By: David Tanner  | 

Does the GA Care About the Wilf Constitution?

On April 25, four days before the Spring 2021 Elections are scheduled and students are to vote on proposed amendments to the Wilf Constitution, the Student Court declined to hear my suit against the General Assembly (GA). I sued the GA on Friday, April 23, because they illegitimately approved three amendments that the eight-member Amendments Committee (AC), which I chair, did not approve. This circumvention of the constitutional process is partially why I think all students should vote against them.

The Wilf Constitution clearly states that the role of the AC is both to propose amendments of their own as well as “deal with” student proposals (Article XIII 1[1]). The AC received a number of student proposals this semester, which we studied carefully. We ended up approving many of them which were referred to the GA, where they were approved and will appear on the ballot alongside our own proposals. However, we denied approval to a number of amendments (numbers 7-9) because, after careful consideration, we determined that they were not in the best interests of the student body. The text of these amendments follows:

1) Leave of Absence Permission 

Add to Article VIII Section 5(1), XII

The General Assembly must authorize by majority vote for any official to take a leave of absence.

The General Assembly by 3/5 majority vote may file to the Office of Student Life to dissolve any WCSG club.

2) No holding two positions simultaneously 

Change Article VIII Section 3(2) 

No student may hold more than one position in YSU, YCSC, SYMSSC, SOY, or the SLC simultaneously.

3) Minimum student body vote needed to pass future Amendments

Add to Article XIII Section 1(6)

At least two-fifths of the student body must cast ballots, including blanks, in the General Student Body Amendment Vote for an amendment to be ratified.

The first of these amendments contains two unrelated clauses. The first clause requires the GA to approve any temporary leave taken by a student government official (see Article III Section 2[3]). We actually considered this amendment last semester, and rejected it because, by its very nature, taking a temporary leave is an extremely personal matter. Our student government leaders are extremely dedicated, and we did not feel that it would be appropriate to require them to reveal their (perhaps quite personal) reasons for taking leave. The second clause of this amendment gives the GA the ability to dissolve clubs at will. Recall that all clubs must be approved by the GA in the first place, in a process involving the collection of signatures and the finding of a faculty advisor. The AC did not think it necessary to grant the GA additional power to arbitrarily dissolve any club at any time during the academic school year.

The second proposed amendment is remarkably similar to an amendment the AC did approve; in fact, it takes a close reading to notice the difference. The AC’s amendment (which was actually approved by the GA), reads “No student may hold more than one elected position in one of YSU, YCSC, SYMSSC, or SOY simultaneously.” The difference is that the AC’s amendment only prohibits a student from holding two positions within any one of the student groups listed, while the GA’s version prohibits a student from holding any two positions, be they in the same or in different councils. In all honesty, there are reasons to support either version of the amendment — too much power consolidated in the hands of a few student leaders is assuredly a bad idea — but the question students will need to decide on April 29 as they vote for one of the two amendments is how strict this requirement should be. Both amendments would prohibit the same person from being, for example, SOY president and SOY BMP representative, but should the BMP representative also not be allowed to hold a YCSC position?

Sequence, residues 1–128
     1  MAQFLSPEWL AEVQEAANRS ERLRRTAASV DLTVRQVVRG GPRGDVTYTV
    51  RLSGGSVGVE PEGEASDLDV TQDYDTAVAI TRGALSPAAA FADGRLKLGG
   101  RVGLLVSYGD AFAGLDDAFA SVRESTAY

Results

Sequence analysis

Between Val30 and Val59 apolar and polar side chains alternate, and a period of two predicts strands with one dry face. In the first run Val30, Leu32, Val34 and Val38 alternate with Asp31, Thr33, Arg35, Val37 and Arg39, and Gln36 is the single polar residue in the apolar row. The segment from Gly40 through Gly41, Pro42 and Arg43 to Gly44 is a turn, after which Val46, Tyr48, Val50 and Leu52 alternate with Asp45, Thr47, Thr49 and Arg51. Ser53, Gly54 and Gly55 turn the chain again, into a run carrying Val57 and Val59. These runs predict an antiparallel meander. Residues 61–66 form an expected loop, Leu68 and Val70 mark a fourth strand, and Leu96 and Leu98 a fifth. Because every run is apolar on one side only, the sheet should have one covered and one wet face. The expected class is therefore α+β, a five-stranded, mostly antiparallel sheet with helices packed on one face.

The third amendment approved by the GA was by far the most concerning to me and to the other members of the AC. Right now, in order for an amendment to be ratified, it needs 3/5ths (60%) of all yes/no votes to be “yes.” This amendment would also require 2/5ths (40%) of all students to vote in the election. What this means is that if there is low voter turnout (common in the Fall Election), no amendments can be passed. In fact, as The Commentator reported, last fall only 18% of all students voted. Had this proposed amendment been a part of the Constitution last fall, all 13 of the amendments (which all received significantly more than 60% approval) would have failed to have been ratified, and all the hard work the AC put in all semester long would have been for nothing.

The GA voted to approve these amendments even though the AC denied their approval. I petitioned the Student Court to intervene, but they refused to take the case. In the email declining to hear the case, however, the Court added: “The court believes the election shall proceed with all amendments approved and voted on by the GA, on election day.” Essentially, the Court ruled in favor of the GA by refusing to hear the case and take action to preserve the constitutionally-mandated amendments process. This sets a dangerous precedent, in that it shows the willingness of the GA to ignore the Constitution, abetted by the Court's refusal to act.

What does this mean for you? If you are eligible to vote in the upcoming elections, carefully consider your vote on each and every amendment. Consider the long-lasting effects of each GA amendment. And think twice before legitimizing GA amendments that were voted on without the prior approval of the AC, in blatant disregard for the Wilf Constitution.

David Tanner is the chair of the Wilf Campus Amendments Committee.

Photo Caption: The cover of the Wilf Campus Student Constitution 
Photo Credit: Wilf Campus Student Government